The Reform movement’s Central Conference of American Rabbis joined a lawsuit against North Carolina’s ban on same-sex marriages.
The lawsuit, which was filed April 28 by the United Church of Christ and several same-sex couples, alleges that North Carolina’s Amendment One and other state laws make it illegal for clergy to officiate at a same-sex marriage. Other religious groups, including the Baptists and the All Souls Episcopal Cathedral, have joined the suit.
The CCAR is the lone Jewish organization listed as a plaintiff in the case; several individual Reform rabbis are on the list of plaintiffs.
Unlike a suit lodged by the American Civil Liberties Union in 2012 demanding due process of the law, which was stayed on June 2, the current suit contends that the ban on gay marriage is a violation of religious freedom. Amendment One was approved by North Carolina voters in May 2012.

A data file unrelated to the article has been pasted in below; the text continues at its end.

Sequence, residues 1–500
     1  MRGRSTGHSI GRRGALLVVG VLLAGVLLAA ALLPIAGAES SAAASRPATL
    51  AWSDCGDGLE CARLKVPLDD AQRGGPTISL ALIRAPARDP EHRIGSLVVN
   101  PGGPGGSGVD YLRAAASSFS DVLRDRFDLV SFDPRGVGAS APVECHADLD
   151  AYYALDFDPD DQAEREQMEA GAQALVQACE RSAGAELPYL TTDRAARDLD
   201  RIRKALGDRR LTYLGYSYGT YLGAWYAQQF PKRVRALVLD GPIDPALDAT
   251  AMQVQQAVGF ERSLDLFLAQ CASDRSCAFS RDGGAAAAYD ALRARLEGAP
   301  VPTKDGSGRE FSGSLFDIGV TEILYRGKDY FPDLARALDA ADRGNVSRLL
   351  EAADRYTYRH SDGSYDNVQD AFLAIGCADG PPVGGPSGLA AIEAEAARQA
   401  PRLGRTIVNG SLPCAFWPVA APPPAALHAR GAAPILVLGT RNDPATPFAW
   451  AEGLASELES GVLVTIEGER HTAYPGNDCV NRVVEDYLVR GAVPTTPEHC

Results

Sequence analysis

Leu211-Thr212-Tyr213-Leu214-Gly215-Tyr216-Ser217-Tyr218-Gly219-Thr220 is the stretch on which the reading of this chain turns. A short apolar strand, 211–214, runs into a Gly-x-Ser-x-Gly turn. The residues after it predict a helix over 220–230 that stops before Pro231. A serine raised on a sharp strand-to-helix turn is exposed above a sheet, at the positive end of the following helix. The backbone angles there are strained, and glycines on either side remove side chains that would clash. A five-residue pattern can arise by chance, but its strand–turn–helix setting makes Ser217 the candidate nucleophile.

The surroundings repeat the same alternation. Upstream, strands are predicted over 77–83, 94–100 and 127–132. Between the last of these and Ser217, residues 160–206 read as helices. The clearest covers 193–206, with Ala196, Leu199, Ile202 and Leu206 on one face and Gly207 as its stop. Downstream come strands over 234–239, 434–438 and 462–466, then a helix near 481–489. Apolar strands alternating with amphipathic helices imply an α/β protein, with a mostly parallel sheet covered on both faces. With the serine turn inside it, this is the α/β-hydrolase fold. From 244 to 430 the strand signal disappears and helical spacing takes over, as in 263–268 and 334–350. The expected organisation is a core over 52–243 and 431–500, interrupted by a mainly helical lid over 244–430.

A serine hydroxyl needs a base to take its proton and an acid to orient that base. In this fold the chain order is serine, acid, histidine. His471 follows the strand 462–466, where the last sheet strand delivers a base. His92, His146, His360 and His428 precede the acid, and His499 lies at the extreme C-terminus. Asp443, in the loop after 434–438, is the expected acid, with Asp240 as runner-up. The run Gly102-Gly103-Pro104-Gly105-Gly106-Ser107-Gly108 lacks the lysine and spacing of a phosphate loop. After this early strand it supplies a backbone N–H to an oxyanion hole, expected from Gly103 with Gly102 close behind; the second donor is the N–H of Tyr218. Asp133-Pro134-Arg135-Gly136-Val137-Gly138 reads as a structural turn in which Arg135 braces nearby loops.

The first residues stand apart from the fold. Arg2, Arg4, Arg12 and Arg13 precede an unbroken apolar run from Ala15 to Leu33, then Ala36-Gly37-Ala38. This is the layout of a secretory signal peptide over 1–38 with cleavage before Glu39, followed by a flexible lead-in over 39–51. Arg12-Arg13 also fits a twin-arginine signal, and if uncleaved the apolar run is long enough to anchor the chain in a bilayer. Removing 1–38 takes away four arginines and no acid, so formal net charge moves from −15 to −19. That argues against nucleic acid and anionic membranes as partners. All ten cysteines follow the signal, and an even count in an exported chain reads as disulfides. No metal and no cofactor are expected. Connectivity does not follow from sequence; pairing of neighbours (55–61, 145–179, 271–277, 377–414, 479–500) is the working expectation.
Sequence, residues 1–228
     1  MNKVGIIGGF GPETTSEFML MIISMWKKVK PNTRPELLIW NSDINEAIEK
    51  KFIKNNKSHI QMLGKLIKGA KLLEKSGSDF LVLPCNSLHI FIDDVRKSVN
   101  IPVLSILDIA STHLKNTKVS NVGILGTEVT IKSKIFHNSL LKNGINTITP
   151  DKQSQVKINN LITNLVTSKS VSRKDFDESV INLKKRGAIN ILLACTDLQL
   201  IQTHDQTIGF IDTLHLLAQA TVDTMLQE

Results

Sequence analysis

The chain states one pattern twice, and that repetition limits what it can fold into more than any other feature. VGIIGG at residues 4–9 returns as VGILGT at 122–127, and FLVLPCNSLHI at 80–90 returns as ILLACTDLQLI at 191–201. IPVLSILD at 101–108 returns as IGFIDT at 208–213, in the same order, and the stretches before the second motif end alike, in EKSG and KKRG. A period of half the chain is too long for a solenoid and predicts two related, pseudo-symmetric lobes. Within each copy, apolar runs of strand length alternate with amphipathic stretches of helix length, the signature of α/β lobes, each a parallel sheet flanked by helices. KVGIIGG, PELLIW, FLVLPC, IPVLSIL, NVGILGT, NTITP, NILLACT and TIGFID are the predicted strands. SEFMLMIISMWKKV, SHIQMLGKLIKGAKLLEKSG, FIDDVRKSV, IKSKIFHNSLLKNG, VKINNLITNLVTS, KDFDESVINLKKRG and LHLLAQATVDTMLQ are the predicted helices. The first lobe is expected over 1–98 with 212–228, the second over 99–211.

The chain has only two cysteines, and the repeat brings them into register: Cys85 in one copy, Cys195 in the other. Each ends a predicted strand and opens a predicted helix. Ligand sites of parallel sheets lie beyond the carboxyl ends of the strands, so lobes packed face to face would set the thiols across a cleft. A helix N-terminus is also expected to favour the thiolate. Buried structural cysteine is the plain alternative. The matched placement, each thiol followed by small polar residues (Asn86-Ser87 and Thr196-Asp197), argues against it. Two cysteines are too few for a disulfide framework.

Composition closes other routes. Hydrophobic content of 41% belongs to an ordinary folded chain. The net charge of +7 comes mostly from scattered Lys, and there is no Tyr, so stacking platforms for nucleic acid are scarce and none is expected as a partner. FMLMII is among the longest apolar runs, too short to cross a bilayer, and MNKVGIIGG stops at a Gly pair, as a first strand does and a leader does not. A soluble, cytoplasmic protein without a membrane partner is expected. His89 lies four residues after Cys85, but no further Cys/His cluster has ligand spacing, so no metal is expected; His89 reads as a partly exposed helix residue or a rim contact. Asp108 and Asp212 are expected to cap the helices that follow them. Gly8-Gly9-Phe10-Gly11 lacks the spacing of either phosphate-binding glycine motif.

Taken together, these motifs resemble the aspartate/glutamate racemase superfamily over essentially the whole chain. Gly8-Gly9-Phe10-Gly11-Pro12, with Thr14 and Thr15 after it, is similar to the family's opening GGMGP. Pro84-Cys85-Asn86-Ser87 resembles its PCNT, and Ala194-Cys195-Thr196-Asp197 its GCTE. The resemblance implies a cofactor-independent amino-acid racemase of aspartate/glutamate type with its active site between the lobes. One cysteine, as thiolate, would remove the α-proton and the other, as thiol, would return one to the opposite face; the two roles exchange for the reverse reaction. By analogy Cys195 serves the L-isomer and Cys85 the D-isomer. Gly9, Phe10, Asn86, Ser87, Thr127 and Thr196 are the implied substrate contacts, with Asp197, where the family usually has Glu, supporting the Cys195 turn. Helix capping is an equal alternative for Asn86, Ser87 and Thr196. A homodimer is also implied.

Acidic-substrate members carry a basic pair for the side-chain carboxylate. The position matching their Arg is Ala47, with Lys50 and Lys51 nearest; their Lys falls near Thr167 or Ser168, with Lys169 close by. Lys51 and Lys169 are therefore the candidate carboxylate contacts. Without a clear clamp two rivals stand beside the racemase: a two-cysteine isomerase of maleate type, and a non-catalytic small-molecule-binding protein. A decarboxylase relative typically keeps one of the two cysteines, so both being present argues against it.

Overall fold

“The CCAR’s support for full civil and religious rights for gays and lesbians is based on the Torah’s assertion that every person is created in God’s image and deserves dignity, equality and respect,” said CCAR President Rabbi Richard Block in a news release.
In 2000, the CCAR expressed its formal support for clergy members officiating at Jewish same-sex weddings. The group offers educational and liturgical resources for rabbis conducting such weddings.